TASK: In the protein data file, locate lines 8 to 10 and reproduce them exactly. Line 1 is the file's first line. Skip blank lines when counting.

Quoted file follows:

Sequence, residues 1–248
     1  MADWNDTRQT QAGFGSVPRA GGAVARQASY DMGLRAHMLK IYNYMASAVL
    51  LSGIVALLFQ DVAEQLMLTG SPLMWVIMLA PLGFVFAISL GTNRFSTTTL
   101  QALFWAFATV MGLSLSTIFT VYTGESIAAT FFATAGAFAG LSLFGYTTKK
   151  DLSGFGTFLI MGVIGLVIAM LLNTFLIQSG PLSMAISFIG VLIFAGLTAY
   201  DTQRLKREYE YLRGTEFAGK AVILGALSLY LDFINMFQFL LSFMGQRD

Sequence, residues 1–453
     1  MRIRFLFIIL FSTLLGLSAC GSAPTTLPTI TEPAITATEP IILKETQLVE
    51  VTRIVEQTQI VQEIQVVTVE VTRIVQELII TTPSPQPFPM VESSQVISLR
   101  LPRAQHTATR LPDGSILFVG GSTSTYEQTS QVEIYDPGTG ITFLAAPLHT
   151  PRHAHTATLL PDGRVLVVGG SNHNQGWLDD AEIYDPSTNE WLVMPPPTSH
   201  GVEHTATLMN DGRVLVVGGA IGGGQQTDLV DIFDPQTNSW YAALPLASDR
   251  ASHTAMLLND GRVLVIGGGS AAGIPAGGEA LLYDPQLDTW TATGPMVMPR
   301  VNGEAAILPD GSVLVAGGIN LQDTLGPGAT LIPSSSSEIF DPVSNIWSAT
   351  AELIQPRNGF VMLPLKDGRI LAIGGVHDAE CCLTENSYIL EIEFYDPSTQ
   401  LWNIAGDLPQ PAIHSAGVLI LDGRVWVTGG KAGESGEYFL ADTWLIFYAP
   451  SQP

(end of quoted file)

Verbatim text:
     1  MRIRFLFIIL FSTLLGLSAC GSAPTTLPTI TEPAITATEP IILKETQLVE
    51  VTRIVEQTQI VQEIQVVTVE VTRIVQELII TTPSPQPFPM VESSQVISLR
   101  LPRAQHTATR LPDGSILFVG GSTSTYEQTS QVEIYDPGTG ITFLAAPLHT